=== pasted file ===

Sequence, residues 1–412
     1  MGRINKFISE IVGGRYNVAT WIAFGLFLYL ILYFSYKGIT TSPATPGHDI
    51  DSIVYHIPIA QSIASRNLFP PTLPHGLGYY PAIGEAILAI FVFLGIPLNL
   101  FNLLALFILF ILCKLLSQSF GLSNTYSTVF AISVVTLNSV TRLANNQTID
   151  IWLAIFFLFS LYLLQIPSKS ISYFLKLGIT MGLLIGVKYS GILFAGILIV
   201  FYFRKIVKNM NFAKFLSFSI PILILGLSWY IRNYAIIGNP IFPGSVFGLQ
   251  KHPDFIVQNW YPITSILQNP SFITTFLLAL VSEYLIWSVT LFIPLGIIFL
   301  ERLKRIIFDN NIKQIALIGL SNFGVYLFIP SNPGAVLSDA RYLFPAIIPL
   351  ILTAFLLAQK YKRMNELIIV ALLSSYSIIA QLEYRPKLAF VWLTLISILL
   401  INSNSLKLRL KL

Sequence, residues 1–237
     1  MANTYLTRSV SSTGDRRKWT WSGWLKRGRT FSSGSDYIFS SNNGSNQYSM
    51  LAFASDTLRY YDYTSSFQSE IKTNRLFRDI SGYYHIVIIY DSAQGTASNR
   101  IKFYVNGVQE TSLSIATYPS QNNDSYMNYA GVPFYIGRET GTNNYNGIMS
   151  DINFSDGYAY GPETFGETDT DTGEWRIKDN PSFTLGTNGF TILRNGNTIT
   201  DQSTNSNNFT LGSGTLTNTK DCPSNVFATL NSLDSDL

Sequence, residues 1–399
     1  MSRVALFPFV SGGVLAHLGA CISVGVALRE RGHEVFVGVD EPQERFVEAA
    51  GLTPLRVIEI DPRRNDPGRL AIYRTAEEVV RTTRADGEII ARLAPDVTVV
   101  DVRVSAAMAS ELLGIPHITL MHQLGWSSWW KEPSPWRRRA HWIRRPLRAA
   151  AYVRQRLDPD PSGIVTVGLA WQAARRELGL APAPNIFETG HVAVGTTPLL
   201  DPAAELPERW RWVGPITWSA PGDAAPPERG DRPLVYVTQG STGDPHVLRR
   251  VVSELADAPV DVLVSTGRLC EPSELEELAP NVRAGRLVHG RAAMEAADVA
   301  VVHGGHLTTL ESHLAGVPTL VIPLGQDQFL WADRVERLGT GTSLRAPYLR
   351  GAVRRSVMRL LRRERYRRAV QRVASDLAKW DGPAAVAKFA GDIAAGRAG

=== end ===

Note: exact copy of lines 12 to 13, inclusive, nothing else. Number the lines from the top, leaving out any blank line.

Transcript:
     1  MANTYLTRSV SSTGDRRKWT WSGWLKRGRT FSSGSDYIFS SNNGSNQYSM
    51  LAFASDTLRY YDYTSSFQSE IKTNRLFRDI SGYYHIVIIY DSAQGTASNR